What is Mindfulness-Based Relapse Prevention?
Substance use disorder is a pervasive and insidious disease. Through psychological and chemical means, it informs the very same mental and physiological factors which perpetuate its existence. This is where cravings come from, and it’s why recovering users feel heightened levels of stress and emotional sensitivity. The fact that many individuals with substance use issues resume using after the recovery process is complete isn’t evidence of a personal weakness, nor is it simply a character flaw. It’s a symptom of their condition, and it may be the hardest symptom to address. Preventing relapse into addiction is one of the biggest challenges faced by individuals who are using, as well as by those who are trying to provide them with much-needed support.
Mindfulness-based relapse prevention is an innovative modern modality for substance use treatment, one that is based upon centuries-old traditional practices. It coordinates smoothly with established therapies designed to address the need to use.
What is Mindfulness?
Mindfulness, in modern psychology, refers to an interpretation of a core Buddhist philosophy concerning how to pursue enlightenment. At its heart, it is the idea of focusing upon where you are in the current moment: yourself, your thoughts, and your surroundings, right here and now, observed dispassionately and without judgment. Many of our mistakes come from a constant cycle of self-doubt and personal disparagement. The mindful individual examines their own thoughts and feelings with the same sense of compassion and understanding that they would have for their closest loved ones. The common understanding of Buddhism today is that its philosophies encourage us to achieve oneness with the universe by letting go of ourselves, but the truth is exactly the opposite: we are encouraged to embrace ourselves, and to regard ourselves as being as important as everything and everybody else.
What is Relapse Prevention?
Relapse prevention is the practice of preventing potential relapses in advance of that point in a person’s individual recovery process when it is most likely to occur. Traditionally, relapse prevention involves the use of behavioral therapy, such as Dialectical Behavioral Therapy (DBT). DBT, and other treatments like it, revolve around assisting a recovering user in learning how to cope with stress. Rather than being targeted at a specific issue, DBT focuses on the development of widely-applicable underlying skills, skills that many people do not develop before reaching adulthood and being expected to function on their own. Clients learn how to develop coping skills, as well as how to teach themselves other useful skills in the future, improving their own quality of life and enabling themselves to confront more varied and difficult challenges independently.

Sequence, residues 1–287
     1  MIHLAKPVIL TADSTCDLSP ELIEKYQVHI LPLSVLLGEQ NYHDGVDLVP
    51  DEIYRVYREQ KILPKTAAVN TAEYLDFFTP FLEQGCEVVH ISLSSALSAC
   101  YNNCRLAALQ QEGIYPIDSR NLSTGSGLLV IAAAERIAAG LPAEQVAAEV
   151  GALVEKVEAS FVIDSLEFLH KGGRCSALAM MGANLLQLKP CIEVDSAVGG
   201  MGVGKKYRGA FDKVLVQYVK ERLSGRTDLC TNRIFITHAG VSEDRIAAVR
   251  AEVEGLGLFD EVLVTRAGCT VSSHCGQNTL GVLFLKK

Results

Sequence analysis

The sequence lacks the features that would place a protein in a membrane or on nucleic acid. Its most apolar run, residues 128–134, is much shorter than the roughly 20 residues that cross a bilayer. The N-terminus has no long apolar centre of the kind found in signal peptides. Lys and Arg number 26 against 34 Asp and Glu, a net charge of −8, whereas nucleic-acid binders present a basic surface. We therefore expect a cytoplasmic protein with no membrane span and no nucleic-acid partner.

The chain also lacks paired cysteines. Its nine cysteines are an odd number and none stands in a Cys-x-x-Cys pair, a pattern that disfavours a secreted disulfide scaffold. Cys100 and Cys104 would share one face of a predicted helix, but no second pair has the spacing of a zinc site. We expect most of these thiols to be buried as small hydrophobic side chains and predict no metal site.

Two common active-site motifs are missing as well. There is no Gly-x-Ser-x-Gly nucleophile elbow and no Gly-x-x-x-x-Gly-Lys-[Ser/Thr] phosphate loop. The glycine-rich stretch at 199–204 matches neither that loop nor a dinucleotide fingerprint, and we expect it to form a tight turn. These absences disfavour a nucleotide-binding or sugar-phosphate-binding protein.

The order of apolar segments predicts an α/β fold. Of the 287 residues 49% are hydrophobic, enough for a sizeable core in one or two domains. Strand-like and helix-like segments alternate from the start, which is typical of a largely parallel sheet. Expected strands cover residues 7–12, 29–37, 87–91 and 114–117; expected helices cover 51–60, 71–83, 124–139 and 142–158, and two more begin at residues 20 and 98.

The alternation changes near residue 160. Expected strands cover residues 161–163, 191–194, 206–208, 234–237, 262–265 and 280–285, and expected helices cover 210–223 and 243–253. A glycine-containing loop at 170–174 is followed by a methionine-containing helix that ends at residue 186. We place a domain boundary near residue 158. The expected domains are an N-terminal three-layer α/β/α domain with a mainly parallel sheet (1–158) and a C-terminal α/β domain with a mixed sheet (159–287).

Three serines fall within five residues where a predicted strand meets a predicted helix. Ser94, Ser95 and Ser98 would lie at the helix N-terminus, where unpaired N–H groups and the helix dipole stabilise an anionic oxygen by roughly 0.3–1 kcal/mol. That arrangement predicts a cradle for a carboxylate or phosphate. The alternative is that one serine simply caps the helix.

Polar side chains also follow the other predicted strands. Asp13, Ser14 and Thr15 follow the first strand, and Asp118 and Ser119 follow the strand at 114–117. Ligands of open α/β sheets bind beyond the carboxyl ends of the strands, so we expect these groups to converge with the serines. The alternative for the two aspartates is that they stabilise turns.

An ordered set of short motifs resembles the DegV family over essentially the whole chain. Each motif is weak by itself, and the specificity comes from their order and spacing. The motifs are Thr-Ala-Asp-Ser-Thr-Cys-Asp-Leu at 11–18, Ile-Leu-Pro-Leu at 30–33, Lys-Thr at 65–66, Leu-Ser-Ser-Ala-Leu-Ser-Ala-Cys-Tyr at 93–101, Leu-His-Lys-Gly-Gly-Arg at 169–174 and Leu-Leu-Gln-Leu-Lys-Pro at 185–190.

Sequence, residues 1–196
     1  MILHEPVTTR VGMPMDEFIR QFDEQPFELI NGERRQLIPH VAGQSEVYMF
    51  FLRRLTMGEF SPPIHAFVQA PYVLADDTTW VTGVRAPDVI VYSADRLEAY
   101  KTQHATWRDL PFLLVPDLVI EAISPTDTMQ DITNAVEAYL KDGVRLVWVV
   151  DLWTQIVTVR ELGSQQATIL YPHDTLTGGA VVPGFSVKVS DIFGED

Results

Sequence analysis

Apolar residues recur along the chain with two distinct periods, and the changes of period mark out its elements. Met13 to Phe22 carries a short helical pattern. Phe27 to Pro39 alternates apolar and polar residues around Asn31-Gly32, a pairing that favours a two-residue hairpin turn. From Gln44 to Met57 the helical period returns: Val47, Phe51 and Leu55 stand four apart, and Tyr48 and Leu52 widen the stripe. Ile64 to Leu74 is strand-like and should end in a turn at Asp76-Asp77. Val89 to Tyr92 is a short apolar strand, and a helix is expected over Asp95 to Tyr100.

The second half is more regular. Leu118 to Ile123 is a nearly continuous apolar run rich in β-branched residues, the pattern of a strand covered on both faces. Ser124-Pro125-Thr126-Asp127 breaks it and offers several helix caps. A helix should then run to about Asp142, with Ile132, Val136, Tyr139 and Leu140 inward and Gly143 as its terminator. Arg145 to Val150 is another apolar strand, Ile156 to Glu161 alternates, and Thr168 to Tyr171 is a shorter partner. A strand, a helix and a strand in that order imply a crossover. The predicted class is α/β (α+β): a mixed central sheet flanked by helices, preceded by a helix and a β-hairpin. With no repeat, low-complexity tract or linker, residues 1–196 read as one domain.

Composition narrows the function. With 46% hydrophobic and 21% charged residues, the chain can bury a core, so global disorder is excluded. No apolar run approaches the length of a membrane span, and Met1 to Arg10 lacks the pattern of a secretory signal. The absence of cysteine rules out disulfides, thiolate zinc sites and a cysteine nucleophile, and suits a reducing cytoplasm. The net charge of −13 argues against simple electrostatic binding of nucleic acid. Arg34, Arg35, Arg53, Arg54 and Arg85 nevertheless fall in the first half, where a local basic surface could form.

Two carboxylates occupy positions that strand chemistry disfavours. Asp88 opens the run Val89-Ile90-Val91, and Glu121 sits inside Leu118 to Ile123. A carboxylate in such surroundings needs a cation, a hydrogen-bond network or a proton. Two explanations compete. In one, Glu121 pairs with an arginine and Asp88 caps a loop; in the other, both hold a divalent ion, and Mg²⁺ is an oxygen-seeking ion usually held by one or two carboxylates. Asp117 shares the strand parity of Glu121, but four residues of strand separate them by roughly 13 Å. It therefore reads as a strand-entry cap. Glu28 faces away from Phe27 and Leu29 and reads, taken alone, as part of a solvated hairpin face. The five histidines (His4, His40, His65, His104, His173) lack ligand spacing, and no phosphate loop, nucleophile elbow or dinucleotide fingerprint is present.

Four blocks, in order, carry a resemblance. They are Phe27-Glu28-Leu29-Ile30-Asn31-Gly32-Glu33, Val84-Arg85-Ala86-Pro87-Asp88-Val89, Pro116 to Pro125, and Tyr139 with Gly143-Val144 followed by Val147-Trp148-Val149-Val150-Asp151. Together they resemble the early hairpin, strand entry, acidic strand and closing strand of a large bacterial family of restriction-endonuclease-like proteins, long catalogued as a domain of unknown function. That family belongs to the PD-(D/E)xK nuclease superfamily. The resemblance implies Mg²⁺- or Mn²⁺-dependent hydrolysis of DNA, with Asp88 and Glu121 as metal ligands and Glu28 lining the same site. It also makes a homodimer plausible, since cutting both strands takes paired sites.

Mindfulness-based relapse prevention (MBRP) involves exercises in achieving and recalling a mindful state of relaxation and contentment, a state in which the solutions to problems come more readily and stand out much more clearly. If you’ve ever had a moment, while you were falling asleep when you suddenly felt at peace with yourself, when everything in your life suddenly seemed to make sense to you and you were able to resolve a new way of approaching a difficult situation, you’ve had a mindful moment. You aren’t dismissing your own concerns, or shrinking in fear from negative stimuli. You’re simply observing, and discovering new insights into how to face the challenges of everyday life. Bad thoughts aren’t judged; they’re simply allowed to pass, until more good thoughts arrive.
Mindfulness-based relapse prevention is about learning how to encourage this frame of mind at will, throughout the day. This is achieved through a simple process of meditative exercises, self-empowerment, and confidence-building, wherein the most difficult challenge is learning to be patient with one’s own progress. Evidence-based scientific studies have shown that relapse prevention programs based on principles of mindfulness and compassionate awareness reduce the frequency of substance abuse relapse by up to 86%, and the philosophy is rapidly gaining ground in mainstream recovery treatment practices across the United States.
The West Coast Vision
West Coast Recovery Centers believes in a mindfulness-based approach to self-determined recovery. In a nutshell, we understand that substance use can be connected directly to unmet needs within one’s life. We work with our clients to develop individual recovery plans, and to provide constant support as they put those plans into action. We offer a variety of therapies to defeat limiting beliefs, build self-esteem, and develop useful strategies for coping and stress management.
For more information, give us a call today at 855-927-2687. You deserve to be heard. We’re ready to listen.